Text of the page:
Researchers in Melbourne will trial a new procedure to reconstruct breasts in patients following mastectomy. The procedure will use the women’s own stem cells instead of silicon.
Focusing on the treatment and recovery of women with breast cancer, the new technique known as Neopec involves the insertion of a customised biodegradable chamber which is contoured to match the woman’s natural breast shape. The chamber acts as a scaffold within which the woman’s own stem cells are used to grow permanent breast fat tissue.
Where there is insufficient fat, researchers intend to develop Myogel, a muscle-derived tissue that induces fat tissue production—a safer and more natural alternative to silicon.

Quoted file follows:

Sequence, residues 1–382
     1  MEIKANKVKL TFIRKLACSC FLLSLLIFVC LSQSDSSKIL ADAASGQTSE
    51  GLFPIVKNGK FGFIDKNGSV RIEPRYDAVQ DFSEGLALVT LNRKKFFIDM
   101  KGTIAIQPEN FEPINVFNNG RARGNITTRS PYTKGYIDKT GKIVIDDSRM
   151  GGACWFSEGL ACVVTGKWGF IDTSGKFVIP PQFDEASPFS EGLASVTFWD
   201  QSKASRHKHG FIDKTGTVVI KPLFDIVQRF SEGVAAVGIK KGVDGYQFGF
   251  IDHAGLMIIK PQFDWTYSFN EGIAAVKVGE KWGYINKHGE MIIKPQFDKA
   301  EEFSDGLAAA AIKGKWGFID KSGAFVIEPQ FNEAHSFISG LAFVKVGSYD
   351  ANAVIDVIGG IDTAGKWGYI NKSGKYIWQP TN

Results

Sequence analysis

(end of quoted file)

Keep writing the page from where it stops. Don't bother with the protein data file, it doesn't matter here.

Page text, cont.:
The Australian Tissue Engineering Centre will lead the project in partnership with Anatomics, Cogentum, O’Brien Institute, St Vincent’s Hospital Melbourne, The University of Melbourne and the Victorian Institute of Forensic Medicine Tissue Bank.
Breast cancer patients can experience a range of physical limitations and psychosocial problems following the surgery. Increased self-esteem following breast reconstruction was an important factor in recovery from breast cancer.
Breast cancer is the most common cancer among women in Australia with 13,600 new cases expected this year.
The project is part of the Victorian Government’s $41 million Victoria’s Science Agenda Investment Fund announced in November 2009.
For more information: Victorian Department of Innovation, Industry & Regional Development, Vivien Ellard, Tel: +61 (3) 9651 9259, firstname.lastname@example.org